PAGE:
Around March, the selections are made and photos edited and approved by the contributing photographers and staff. This year, preparations coincided with lock-down giving me a most-welcome distraction.
The coveted spot is of course the cover - that image needs to be compelling, have some negative space for branding, and be recognizable from a distance. Congratulations to Jason Plaisted for his wonderful kākāriki photo that graces the 2021 cover.
Once the photos are set, over autumn, the Storyteller writers conjure up inspiring stories to match the theme and images. Some keen contributors aim for the complete sweep with a set of themed photos and a matching story. But most months are a mix of many contributors.
As we head into winter, the fact-checkers and researchers dig in and confirm all the species are identified correctly, that the dates and moon-phases are correct, the Te Reo Māori is correct (including macrons), as are the holidays and observations. The pedants among us relish this task, and many lively discussions can ensue. I'm sure some of you are also pedants and are interested in some of the behind-the-scenes decisions (if not, skim down to the end to find out how to get hold of a calendar!)
I always fear the dates will somehow be wrong, but I use this amazing plug-in for InDesign (Calendar Wizard) that is a pig to use but when you conquer it, it automatically generates all the spreads. It's a life- and time-saver.
We set the moon phase as it is in Wellington - anywhere else in the country (or world) can be off by a day as the phase often changes in the middle of the night. There is often confusion as one of the definitive guides online has the correct phases, but uses the wrong Northern-hemisphere icons (yes, the moon is upside down in the Southern hemisphere - a fun fact that has confused many of my Northern-hemisphere friends).
Scientific names can be quite fluid for NZ species, with researchers actively updating taxonomies, but with scientific consensus and adoption of new names taking some time. For instance, you may have noticed that our gecko names have transitioned back and forth over recent years, and it's still not settled. Te Reo names are also fluid as old knowledge is reclaimed by local iwi, or new names are needed. Of great debate is whether transliterations for months and other European concepts should be used or maramataka months (from the Māori lunar calendar, which is based on moon phases). These decisions and recommendations are made with such care and much consultation. In recent years we have decided on the transliterations. I would love to some day help with a maramataka calendar too.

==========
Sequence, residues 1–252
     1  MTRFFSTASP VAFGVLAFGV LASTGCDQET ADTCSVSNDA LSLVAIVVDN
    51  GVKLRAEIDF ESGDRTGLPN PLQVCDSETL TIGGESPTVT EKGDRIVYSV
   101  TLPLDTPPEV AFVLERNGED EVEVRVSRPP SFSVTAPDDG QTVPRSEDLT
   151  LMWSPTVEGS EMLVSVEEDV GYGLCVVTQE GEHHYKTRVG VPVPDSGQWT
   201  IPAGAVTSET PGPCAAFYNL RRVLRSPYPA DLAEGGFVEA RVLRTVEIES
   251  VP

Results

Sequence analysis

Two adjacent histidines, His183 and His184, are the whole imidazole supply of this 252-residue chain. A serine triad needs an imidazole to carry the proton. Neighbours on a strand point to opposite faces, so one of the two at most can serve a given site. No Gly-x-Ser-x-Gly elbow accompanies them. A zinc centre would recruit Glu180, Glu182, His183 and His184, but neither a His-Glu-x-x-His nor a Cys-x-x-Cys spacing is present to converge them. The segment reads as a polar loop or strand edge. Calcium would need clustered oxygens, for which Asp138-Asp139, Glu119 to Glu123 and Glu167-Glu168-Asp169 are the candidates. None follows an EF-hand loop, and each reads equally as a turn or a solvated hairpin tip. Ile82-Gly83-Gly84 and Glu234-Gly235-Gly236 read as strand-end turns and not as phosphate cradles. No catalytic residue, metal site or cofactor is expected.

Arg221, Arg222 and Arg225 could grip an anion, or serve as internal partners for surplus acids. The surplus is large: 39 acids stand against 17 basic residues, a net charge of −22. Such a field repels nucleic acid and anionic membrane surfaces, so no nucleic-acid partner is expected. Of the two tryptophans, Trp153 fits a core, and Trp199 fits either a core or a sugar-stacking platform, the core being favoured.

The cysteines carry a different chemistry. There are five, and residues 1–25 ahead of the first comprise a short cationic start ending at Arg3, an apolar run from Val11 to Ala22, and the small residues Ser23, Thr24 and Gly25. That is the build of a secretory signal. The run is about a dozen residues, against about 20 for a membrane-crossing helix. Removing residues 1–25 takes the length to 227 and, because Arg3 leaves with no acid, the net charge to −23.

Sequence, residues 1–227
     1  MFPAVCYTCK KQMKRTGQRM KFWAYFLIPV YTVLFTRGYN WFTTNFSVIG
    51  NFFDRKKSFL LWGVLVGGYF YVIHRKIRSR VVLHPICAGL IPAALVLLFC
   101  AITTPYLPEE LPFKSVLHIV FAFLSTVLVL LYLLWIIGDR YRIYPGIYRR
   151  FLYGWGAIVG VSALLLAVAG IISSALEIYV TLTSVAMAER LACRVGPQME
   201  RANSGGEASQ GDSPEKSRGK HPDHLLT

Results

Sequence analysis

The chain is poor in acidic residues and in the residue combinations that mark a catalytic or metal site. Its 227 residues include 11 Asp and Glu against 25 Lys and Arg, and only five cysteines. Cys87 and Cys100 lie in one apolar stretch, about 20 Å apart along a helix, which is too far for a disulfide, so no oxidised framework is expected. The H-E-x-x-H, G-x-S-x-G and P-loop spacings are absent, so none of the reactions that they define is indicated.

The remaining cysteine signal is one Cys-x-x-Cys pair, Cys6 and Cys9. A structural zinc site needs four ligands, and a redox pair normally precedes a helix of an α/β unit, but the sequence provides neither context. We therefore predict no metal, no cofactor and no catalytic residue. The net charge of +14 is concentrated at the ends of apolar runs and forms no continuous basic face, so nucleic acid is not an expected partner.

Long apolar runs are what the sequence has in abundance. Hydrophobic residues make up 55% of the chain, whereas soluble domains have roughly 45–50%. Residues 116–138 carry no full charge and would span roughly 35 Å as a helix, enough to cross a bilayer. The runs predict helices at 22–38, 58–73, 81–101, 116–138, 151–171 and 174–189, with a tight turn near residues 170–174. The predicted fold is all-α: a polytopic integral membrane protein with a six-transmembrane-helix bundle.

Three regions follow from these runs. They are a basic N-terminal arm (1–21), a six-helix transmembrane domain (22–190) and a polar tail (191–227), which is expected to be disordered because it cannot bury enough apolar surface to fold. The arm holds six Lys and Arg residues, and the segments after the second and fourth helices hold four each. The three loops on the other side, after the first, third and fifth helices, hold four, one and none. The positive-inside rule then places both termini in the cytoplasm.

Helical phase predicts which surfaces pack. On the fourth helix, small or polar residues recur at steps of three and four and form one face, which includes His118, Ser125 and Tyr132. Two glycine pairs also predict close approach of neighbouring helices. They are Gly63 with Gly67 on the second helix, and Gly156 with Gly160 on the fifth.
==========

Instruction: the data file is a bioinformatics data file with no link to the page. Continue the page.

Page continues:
Some people wonder why we don't include specific observations and holidays. We strive to include many conservation-related observances, but the sponsoring organizations often don't advertise their dates (or haven't decided on them) for the coming year in time to include in the calendar (I won't name and shame). We also don't tend to include religious holidays unless they're an official public holiday.
Not including the Matariki period (the Māori New Year) seems like an oversight to many, and we do hope to include it next year. But there are many variations across different iwi in how the period is defined. This makes a lot of sense when you consider its all about observational astronomy: the appearance of the constellation Matariki on the horizon. And this of course depends on where you are in the country and barriers like hills. Some iwi use other constellations. It is a fascinating subject and there are some amazing Māori astronomers working on it. With talk of Matariki becoming an official public holiday, it will be interesting to see how consensus is reached because the aim is to have one date for the entire country (but which will at least vary each year), so by definition, some of what the Matariki period means will be lost to convenience.
Back to the Zealandia calendar, once the dust has settled and the facts established the best we can, it's then down to multiple rounds of proofing and sign-off from every part of the organization. We strive for no errors, but is that ever possible? By the end of the process, once the calendar comes off the production line, I'm too afraid to look! People tell me that it's absolutely gorgeous, so I'm going to trust their judgment...